First know career pathing is your responsibility. Don’t expect much help from your human resource department. From discussions and observation that path too often leaves employees more confused and less motivated. That comment is naturally anecdotal. The best advice is to seek mentors and sponsors within and outside the organization.

Developing the Plan

1. Decide on a path – Duh!

a. Find out the job requirements for the position you want. REMEMBER no matter what the requirements even if written in stone they are subjective. If you believe you have the experience but not the credentials apply for it regardless.

2. Develop a mentor or sponsor network.

a. During your annual review provide a written statement outlining your professional goals.

b. During annual review ask for direction in obtaining those goals.

c. Follow the plan agreed upon, this will give others a vested interest in your success.

d. Speak to the people doing the job you want, ask for tips, and show interest.

3. Education

a. Take full advantage of tuition reimbursement if company offers it.

b. Take full advantage of tuition reimbursements if company offers it. (Worth saying twice)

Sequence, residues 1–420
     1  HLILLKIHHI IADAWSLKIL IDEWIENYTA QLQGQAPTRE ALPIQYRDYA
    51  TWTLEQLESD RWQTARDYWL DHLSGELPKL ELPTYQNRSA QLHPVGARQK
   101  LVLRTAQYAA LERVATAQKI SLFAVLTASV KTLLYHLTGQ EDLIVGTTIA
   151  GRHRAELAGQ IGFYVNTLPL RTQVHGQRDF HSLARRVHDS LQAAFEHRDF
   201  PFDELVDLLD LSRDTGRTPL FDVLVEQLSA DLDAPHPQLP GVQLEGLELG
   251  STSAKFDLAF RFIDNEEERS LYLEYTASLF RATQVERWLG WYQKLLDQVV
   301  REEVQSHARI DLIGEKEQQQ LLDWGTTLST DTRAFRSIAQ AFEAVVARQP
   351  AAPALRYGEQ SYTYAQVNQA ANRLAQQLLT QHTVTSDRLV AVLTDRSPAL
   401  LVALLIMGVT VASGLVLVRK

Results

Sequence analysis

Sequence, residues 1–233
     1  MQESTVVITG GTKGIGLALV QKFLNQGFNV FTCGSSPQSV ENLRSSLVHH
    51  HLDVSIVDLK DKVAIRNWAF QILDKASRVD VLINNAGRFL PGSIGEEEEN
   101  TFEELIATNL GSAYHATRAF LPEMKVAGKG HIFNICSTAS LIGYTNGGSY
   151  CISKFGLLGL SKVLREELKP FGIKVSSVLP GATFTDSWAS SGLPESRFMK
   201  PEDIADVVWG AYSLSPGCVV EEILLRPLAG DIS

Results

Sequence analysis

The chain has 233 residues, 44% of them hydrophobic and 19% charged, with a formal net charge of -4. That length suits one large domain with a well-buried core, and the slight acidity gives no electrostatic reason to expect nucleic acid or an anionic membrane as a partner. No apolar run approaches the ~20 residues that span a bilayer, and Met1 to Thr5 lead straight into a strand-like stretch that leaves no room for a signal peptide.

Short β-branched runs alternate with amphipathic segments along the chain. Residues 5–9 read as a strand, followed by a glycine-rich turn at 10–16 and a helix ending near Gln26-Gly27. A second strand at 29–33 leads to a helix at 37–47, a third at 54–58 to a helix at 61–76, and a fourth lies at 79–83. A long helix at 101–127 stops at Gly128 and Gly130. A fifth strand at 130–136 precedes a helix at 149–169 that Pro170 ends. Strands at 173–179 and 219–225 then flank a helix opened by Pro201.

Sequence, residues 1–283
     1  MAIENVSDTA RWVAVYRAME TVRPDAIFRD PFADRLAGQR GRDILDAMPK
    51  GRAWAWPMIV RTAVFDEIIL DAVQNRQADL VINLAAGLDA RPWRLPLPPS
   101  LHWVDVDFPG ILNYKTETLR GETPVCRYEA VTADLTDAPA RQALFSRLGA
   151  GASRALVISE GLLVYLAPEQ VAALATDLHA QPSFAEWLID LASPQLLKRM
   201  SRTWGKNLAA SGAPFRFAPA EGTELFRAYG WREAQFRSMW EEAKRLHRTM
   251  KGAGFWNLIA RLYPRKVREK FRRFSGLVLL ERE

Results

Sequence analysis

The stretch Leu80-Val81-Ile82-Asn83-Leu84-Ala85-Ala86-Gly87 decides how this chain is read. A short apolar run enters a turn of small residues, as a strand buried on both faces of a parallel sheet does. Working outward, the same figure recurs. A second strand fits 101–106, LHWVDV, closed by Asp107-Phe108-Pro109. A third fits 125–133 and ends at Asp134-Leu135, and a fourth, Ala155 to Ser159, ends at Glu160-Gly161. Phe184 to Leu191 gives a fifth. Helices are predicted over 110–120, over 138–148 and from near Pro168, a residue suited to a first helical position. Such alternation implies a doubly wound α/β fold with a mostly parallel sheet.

c. Night School, Day School or Online just do it.

4. Professional Development

a. Join a professional organization.

b. Give priority to college courses before trying to study for professional certifications. Don’t rob mental horsepower from your college classes.

c. Organizations such as APICS and ISM are great for networking and staying abreast of the profession.

5. Organizational Politics

a. Don’t be blind understand the culture and sub culture of the company.

b. Know the power brokers and the informal leaders of your organizing. Understanding how their measured is one secret to success.

Every organization requires some level of logistics and or material management. Industry continues to struggle with how to structure this discipline. Oftentimes its felt other department can better manage linkage, flow and inventory, but invariably some form of Production and Inventory control structure resurfaces

If for some reason you don’t believe your organization has a material management path for you, look closer.

Good luck in your Journey!

Do you have tips or article to present!

Always looking for guest authors!